Proposal to fill Lake Mead by draining Lake Powell gets growing support and opposition
LAS VEGAS, Nev. (FOX5) - There is growing support as well as growing opposition for a radical proposal to conserve water along the Colorado River: Filling Lake Mead and draining Lake Powell.
The Bureau of Reclamation accepted public comment on measures for the future of the Colorado River past 2026. In addition to more than 20,000 comments, there are hundreds of letters from government agencies, non-profits and other entities weighing in on various solutions.
Las Vegas Water Defender was one of nine organizations that signed a joint letter to urge the following action or review: “bypass or decommissioning of Glen Canyon Dam.” “Reclamation can no longer pan as taboo or radical a reservoir management system that entirely abandons reservoir storage in Lake Powell. It is in the mainstream channels of academic research, scholarship and discourse,” the letter states.
Clark County Commissioner Tick Segerblom signed the document on behalf of Las Vegas Water Defender, and said he has been advocating for the proposal to tear down Glen Canyon Dam and drain Lake Powell for some time.
It’s gone beyond the crazy environmentalists to business people. Obviously, they have an interest in having water. When you when you finally look at the basis for the Dam and the Lake, we realize that it never should have been built. If we get rid of it, that’s going to give us more water in the bottom states,” Segerblom said. Some farmers in California are advocating for the proposal.
Segerblom also echoed a growing concern about the possibility of “deadpool” in both Lake Powell and Lake Mead; once water stops flowing freely through the Colorado River, both the Glen Canyon Dam and the Hoover Dam become inoperable and threaten power for millions across the Southwest.
“There’s a room for one lake and one dam and that should be Lake Mead and Hoover Dam,” Segerblom said.
FOX5 first told you about the Fill Mead First proposal by the Glen Canyon Institute. The Institute, Segerblom and other organizations argue that the Glen Canyon Dam and Lake Powell has been historically detrimental to the Grand Canyon ecosystem, and the dam has become less effective with shrinking water across the Colorado River. The more significant Hoover Dam, the Institute argues, could manage supplying the power grid instead. Lake Powell has also experienced serious drops in its waterways, rendering some boat ramps unusable.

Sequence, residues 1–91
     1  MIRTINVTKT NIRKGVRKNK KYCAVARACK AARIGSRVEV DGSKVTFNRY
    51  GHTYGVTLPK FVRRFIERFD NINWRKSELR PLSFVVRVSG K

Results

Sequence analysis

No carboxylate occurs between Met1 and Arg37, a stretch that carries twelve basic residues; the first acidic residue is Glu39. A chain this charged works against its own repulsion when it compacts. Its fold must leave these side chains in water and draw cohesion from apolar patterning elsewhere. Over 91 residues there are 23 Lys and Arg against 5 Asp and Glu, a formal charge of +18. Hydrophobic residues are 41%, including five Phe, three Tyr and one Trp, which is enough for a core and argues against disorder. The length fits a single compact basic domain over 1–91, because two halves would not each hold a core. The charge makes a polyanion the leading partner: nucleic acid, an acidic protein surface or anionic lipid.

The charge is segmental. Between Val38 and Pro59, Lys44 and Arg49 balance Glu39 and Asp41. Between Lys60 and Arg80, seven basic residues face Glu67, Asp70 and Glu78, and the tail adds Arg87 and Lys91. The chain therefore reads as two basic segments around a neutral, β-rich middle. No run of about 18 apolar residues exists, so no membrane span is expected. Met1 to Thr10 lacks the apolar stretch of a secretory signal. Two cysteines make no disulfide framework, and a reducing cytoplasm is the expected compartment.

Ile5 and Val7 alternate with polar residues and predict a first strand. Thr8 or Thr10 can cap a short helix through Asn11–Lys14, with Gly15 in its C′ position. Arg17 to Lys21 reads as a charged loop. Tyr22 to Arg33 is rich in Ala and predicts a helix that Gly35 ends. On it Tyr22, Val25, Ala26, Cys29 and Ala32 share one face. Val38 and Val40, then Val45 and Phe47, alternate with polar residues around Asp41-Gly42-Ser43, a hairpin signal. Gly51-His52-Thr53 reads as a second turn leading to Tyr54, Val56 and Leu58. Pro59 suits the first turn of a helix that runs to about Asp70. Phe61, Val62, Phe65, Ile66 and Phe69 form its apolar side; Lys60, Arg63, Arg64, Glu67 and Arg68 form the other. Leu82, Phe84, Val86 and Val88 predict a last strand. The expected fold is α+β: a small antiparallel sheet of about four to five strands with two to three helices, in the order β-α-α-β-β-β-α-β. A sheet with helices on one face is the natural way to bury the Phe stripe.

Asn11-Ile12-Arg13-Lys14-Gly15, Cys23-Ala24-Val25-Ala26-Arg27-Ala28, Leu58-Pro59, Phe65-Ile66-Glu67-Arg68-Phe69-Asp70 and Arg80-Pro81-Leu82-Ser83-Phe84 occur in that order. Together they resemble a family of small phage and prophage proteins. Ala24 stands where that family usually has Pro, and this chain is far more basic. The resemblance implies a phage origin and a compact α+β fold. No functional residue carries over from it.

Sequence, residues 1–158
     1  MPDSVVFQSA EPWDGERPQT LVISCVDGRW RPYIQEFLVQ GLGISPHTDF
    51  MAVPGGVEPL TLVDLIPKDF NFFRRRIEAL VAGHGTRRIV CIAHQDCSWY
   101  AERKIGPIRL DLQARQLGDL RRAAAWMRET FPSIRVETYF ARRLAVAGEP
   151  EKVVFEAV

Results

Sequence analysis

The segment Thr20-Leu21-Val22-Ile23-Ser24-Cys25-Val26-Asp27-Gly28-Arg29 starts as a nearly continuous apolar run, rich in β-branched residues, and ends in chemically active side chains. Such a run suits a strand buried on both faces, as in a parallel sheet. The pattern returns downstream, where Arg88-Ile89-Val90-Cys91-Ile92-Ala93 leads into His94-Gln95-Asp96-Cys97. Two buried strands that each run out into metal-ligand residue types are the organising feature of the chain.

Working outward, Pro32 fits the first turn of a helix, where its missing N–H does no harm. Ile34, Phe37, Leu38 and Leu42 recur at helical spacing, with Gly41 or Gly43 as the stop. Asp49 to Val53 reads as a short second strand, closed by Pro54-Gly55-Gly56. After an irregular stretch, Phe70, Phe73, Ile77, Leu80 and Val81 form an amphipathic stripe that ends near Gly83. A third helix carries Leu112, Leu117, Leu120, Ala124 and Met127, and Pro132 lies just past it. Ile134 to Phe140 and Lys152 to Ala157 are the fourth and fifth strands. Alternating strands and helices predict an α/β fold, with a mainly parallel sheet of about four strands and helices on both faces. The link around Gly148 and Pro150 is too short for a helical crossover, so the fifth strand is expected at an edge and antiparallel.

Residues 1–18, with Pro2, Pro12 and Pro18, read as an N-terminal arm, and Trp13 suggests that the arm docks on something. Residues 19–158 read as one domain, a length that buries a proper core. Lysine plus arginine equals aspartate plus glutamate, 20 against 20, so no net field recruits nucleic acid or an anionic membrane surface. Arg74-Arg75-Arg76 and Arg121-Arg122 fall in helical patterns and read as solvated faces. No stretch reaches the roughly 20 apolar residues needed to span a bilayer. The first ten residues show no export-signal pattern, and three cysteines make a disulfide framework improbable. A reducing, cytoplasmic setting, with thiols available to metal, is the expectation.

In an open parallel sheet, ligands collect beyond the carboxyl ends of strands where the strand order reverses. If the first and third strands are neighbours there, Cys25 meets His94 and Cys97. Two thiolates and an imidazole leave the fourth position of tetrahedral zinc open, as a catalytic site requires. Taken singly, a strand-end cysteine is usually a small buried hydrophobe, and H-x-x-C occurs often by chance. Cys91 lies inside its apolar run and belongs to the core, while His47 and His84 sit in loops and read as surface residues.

Various supporters also said a “one reservoir” solution would lessen the impact of “evaporation” as water travels through the Colorado River.
Organizations like the Blue Ribbon Coalition advocate for keeping both Lake Mead and Lake Powell, and maintaining the network established for decades throughout the Colorado River system.
“People are very fired up about this issue. We’re fighting for all the Colorado River Basin States,” said Executive Director Ben Burr. “We oppose the any plan to drain Lake Powell. Having two very large reservoirs helps the Bureau of Reclamation stabilize the system. Just for the sheer purpose of water availability, having both reservoirs is better,” Burr said.
“If I was a farmer in California, and I had to choose between having 27 million acre feet of storage up river, or 46 million acre feet of storage of river, I would choose the higher number,” Burr said, noting the security in two reservoirs instead of one.
Burr calls for this alternative: state and local governments to implement stringent measures for water conservation, thereby maintaining water levels in both reservoirs.
“We believe Las Vegas has taken some of the best proactive steps to get by with the least amount of water they possibly can. I would like to see all communities in the West following that leadership,” he said.
Eliminating Lake Powell would eliminate the direct water source for millions of people in the Phoenix area, Burr said, and also decimate the water recreation industry in Page, Arizona.
Burr said during low water years, Lake Powell power lost $207 million over two years, and Lake Mead lost $114 million of economic activity.
“All that sustains a vibrant recreation economy,” he said. “Let’s mobilize the recreation users to have a voice in this process and be part of the discussion about how these reservoirs should be managed,” Burr said.
Segerblom disagrees with the economic impact, noting that there can be a greater pivot to land recreation once water is removed.
“It’s going to re-wild Grand Canyon,” he said.
FOX5 has emailed the Bureau of Reclamation for a response for the “filling Lake Mead and draining Lake Powell” proposal, and has not heard back.
Input from organizations and individuals will be posted here: Scoping Input Summary | Bureau of Reclamation (usbr.gov)
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